this old mouse

Greetings and salutations, everyone; yes, once again it is I, Chess the purebred border collie, filling in for the guy I live with, and here to bring you the latest news from our garden. You may remember me from such posts as “More Sawing And Drilling” and “Fixing Things”, among so many, many others.

Here I am in a characteristically long-suffering, weather-related post. It thundered for about five straight hours today.14080903The morning was nice, and my walk was excellent, but then around eleven or so in the morning it started to thunder, and only stopped at about 4:30. This is what the sky looked like a little after noon today.14080908Eventually, it cleared up.

In order to explain the title of today’s post, I should probably back up to yesterday, right before bedtime. The guy I live with had gone downstairs to turn off the lights in the laundry room, and heard chewing noises in the wall. He looked in the direction of the noises, and lo and behold, there was a tiny pink nose poking out from under the baseboard. The guy I live with went to get his camera, because of course a picture of that would have been pretty good, but the nose disappeared.

We’re both really tired of mice coming into the house, and especially chewing holes in the baseboard downstairs, and the guy I live with said he was going to have to “think like a mouse”, in order to figure out how the mice were getting into the downstairs bedroom, once and for all.

It took a lot of thinking.

He finally decided to tear away the drywall in the closet, which is where most of the holes were chewed14080909and this is what he found. See that glimmer there? The light is on in the crawl space, and there’s a hole there. And, uh, you can see where tiny gross mouse bodies have rubbed against the Romex, too.

That’s the sill of the foundation, right below the piece of wood projecting down. Mice would come in through the hole (now plugged with steel wool, before it gets caulked), walk along the sill, and then grab hold of the styrofoam insulation on the left14080910and scurry right down. See where the tunnel, or channel, or raceway, or miceway, turns to the left at the bottom? 14080911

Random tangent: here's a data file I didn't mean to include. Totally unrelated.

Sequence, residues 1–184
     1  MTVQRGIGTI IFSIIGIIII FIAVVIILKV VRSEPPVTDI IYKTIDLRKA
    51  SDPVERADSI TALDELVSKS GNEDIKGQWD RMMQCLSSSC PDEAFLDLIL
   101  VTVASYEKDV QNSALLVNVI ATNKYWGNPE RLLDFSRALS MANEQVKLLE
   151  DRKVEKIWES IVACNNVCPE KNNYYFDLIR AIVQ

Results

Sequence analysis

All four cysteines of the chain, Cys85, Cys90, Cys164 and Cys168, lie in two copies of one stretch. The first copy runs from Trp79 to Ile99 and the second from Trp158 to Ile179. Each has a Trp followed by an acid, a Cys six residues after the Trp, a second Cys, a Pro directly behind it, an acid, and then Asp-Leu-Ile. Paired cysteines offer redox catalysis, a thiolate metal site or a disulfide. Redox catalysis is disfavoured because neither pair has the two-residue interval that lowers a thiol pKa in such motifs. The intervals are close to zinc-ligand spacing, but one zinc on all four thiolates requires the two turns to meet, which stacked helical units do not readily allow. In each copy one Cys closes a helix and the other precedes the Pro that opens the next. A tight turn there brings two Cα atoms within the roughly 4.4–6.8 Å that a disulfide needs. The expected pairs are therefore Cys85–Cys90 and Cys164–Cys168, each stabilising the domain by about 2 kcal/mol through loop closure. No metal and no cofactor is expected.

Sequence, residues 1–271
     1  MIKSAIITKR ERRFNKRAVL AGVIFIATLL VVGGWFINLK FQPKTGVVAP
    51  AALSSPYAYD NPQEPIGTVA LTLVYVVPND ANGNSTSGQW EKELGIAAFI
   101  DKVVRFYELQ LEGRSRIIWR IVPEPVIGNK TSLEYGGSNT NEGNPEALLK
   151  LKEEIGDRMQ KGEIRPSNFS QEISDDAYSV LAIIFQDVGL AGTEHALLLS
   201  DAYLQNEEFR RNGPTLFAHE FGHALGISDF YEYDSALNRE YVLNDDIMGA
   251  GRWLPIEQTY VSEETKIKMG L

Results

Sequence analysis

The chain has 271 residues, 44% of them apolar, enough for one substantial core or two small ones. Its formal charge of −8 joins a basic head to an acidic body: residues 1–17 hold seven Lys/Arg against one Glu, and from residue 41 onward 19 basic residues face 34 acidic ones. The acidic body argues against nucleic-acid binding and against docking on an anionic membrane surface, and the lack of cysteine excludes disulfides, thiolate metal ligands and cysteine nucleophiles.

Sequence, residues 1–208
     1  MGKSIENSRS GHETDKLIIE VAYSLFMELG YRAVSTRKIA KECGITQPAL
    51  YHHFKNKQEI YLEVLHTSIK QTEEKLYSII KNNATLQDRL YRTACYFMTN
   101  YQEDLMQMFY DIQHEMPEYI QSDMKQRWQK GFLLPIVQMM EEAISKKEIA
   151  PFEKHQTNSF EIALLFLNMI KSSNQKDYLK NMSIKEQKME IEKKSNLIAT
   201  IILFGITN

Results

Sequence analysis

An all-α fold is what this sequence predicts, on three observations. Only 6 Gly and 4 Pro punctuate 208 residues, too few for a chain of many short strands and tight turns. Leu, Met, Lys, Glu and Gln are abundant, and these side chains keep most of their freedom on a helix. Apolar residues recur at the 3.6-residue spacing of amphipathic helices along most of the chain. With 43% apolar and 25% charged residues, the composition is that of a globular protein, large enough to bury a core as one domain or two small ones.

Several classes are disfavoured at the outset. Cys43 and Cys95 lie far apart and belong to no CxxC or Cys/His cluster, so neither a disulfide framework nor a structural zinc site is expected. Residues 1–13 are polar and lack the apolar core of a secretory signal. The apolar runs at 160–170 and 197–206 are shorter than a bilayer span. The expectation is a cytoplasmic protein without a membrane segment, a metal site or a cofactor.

Smarter than a mouse! Smarter than a mouse!” I had to listen to this for a lot longer than I should have.

Well, I guess that’s settled, at least for now …….

So anyway, some serious gardening did take place today. The guy I live with had to go to the post office to pick up a box, registered mail, because he was at Whole Foods yesterday, when the mail came. This was in the box.14080902The guy at the post office wondered where “LV” was, and the guy I live with said “Latvia”. These are crocuses from Janis Ruksans. The guy I live with was totally excited.

And not only that, he got a bunch of cyclamen from Edgewood Gardens today, too. They’re all planted now. The guy I live with says the earlier they get planted, the less chance of frost heaving.

He says you plant them like this. Then after they’re watered, maybe just a little bit of soil or mulch or “faux mulch” (just stuff lying around) could be scattered over the top of the tuber.14080907This is an older one, that’s been here for a couple of years, at least. Those are flower stalks on top. 14080905The kind of soil doesn’t matter.14080906It does help, sometimes, to put a cage around the newly-planted tubers, just in case a Certain Party decided to dig them up. (Just because he’s a jerk.)

Earl

Earl

Cyclamen can take dry summers, and seem to be very happy here. We have a lot of ants to help propagate the cyclamen. Cyclamen purpurascens was already blooming when he was out there, planting.14080901That’s pretty much it for today. The guy I live with got a bunch of bulbs, well, really, corms and tubers, and also thinks he’s smarter than a mouse, so it was a good day for him.

The sun finally came out again, and the day became a good one for me, too.14080912

 

Until next time, then.

 

 

 

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12 Responses to this old mouse

  1. Genius!! You found the miceway! That is not easy, as I know from how my former shack/house was plagued with cute little mice.

  2. Susan ITPH says:

    No Ruksans order for me this year, because I am poor in wallet, so now in spirit, too. It occurred to me that I have only one friend named Earl. When we were in college we called him “Earl, the girl, the naked squirrel.” Earl in turn named the computer program he developed to make better predictions for his fantasy football leagues “Deep Sue” after me. I think I got the better end of that. In any case, I can’t be too intelligent, because it just occurred to me why you named your squirrel Earl.

    • paridevita says:

      Earl is a jerk and a half. He has a notch in his right ear; that’s how you can tell it’s him. Check this out, if you don’t believe it. https://paridevita.com/2013/03/16/after-the-sale/ Even though the Peterson field guide suggests populations of 1 squirrel (eastern fox squirrels, which enter Colorado in the northeast) per acre, we have three. The other two are, uh, Merle and Pearl. They’re just obnoxious, at times. The guy I live with has been amazingly frugal when it comes to plant purchases this year, except when it comes to bulbs. This is what you might call a spring-oriented and autumn-oriented garden, with a slowdown in the other seasons.